Tyshan Wright hails from the historical Maroon Town of Accompong in Jamaica. A “Keeper of the Heritage” (Jamaica Gleaner), Wright creates mixed-media representations of Jamaican Maroon instruments and ceremonial objects, examining the expulsion of Maroons from Jamaica to Halifax in 1796.
Wright’s work has been acquired by the Nova Scotia Art Bank, and has been presented in exhibitions and artist talks at Canadian galleries and museums, including the Art Gallery of Ontario in Toronto, and the Canadian Museum of Immigration at Pier 21 in Halifax. He is a 2021–22 Artist-In-Residence Fellow at NSCAD University’s Institute for the Study of Canadian Slavery.
Tanya Busse is a visual artist working across the mediums of moving-image, installation and photography. Her practice explores the synthesis of nature, often combined with an industrial, post-human presence. She is interested in deep-time, invisible architecture, and how power is produced and articulated through material relationships and histories of place.
Her work has been exhibited nationally and internationally at venues including the Office of Contemporary Art in Oslo, the 13th Turku Biennial of Art in Finland, the Toronto Biennial of Art, the Nanaimo Art Gallery in British Columbia, Gallery 44 — Centre For Contemporary Photography in Toronto, and Röda Sten Konsthall in Gothenburg, Sweden.
Hannah Epstein works in textile and digital media. She received a B.A. in Folklore from Memorial University in 2009, and an MFA from Carnegie Mellon University in 2017.
Fascinated by the power of storytelling, Epstein uses a digital-folkloric lens to highlight the cultural negotiation between bottom-up storytelling (folk-to-commodity) and top-down storytelling (institution-to-mashup). Using traditional rug hooking as her primary medium, she finds resonance in archetypal figures of the collective unconscious, while also incorporating video, video games and interactive installations to explore story as foundational to our perception of reality.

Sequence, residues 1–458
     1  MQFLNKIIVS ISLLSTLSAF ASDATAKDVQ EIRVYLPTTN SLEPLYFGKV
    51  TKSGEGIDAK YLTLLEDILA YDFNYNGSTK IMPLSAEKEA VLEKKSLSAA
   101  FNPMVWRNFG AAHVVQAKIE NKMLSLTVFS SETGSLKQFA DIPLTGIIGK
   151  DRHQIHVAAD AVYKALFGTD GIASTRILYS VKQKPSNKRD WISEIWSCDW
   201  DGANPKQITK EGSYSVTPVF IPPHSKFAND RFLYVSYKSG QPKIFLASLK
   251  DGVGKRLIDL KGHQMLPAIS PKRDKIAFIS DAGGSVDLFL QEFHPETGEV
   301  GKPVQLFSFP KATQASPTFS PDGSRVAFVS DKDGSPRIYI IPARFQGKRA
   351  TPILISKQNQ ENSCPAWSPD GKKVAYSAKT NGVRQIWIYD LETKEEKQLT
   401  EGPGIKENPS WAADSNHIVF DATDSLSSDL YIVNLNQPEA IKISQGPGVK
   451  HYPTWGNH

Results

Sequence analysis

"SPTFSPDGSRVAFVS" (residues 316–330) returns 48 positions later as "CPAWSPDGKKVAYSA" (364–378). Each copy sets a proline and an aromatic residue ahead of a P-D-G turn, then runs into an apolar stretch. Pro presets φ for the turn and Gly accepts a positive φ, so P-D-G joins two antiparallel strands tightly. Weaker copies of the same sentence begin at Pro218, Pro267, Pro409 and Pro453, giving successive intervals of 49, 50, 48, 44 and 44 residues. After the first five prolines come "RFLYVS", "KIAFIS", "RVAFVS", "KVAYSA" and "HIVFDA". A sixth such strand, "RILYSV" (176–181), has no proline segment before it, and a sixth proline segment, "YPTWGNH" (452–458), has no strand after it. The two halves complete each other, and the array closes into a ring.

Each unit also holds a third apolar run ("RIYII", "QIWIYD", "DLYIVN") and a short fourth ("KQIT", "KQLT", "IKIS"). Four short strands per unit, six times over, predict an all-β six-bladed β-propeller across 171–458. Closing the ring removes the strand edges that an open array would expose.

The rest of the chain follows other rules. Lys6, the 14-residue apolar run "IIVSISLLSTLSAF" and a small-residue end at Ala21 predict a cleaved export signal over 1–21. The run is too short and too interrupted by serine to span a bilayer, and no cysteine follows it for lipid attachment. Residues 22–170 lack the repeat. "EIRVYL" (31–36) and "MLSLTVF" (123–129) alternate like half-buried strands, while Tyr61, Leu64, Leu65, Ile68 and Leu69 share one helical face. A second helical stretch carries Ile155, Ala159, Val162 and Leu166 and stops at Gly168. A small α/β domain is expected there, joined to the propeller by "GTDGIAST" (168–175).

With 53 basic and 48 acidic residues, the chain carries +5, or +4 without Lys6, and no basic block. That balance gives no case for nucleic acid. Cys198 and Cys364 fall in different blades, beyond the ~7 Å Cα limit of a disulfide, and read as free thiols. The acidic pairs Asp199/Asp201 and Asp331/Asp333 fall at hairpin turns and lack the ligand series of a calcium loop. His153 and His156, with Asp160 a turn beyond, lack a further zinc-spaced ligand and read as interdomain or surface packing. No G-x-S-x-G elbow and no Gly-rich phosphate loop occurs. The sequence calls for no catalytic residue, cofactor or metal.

Epstein’s work has been shown at the Hammer Museum in Los Angeles, the Art Gallery of Ontario and the Textile Museum of Canada in Toronto, the Long Beach Museum of Art and the San Jose Museum of Quilts and Textiles in California, the Museum of Contemporary Art Denver, and The Rooms in St. John’s, Newfoundland.
Letitia Fraser is an interdisciplinary artist, whose work centres around her experience as an African Nova Scotian woman, growing up in the province’s Black communities. She graduated with a BFA from NSCAD University in 2019.
As a painter, Fraser draws inspiration from her family and community history of quilting. She has participated in several group shows, the most recent of which was the two-artist show Family Patterns, held at the Art Gallery of Nova Scotia.
Fraser has also shown her work in the solo exhibition Mommay’s Patches: Traditions & Superstitions at the Anna Leonowens Gallery, and in a solo showcase at the Mount Saint Vincent University Gallery. She has also received numerous awards for her work, including the 2018 Nova Scotia Talent Trust RBC Emerging Artist Award.
Award-winning author and award-winning interdisciplinary Mi’kmaq/L’nu artist Michelle Sylliboy was raised on her traditional L’nuk territory in We’koqmaq, Cape Breton. While living on the traditional, unceded territories of the Musqueam, Squamish, and Tsleil-Waututh Nations, Sylliboy completed a BFA at Emily Carr University of Art + Design, and a Masters in Education at Simon Fraser University. She is currently a PhD candidate in Simon Fraser University’s Philosophy of Education program, where she is working to reclaim her original written komqwej’wikasikl language.
Sylliboy’s collection of photography and L’nuk hieroglyphic poetry, Kiskajeyi – I AM READY, was published by Rebel Mountain Press in 2019, and is now available as an e-book. She was recently made a tenure-track member of the faculty at Nova Scotia’s StFX University, in the departments of Education and Fine Arts.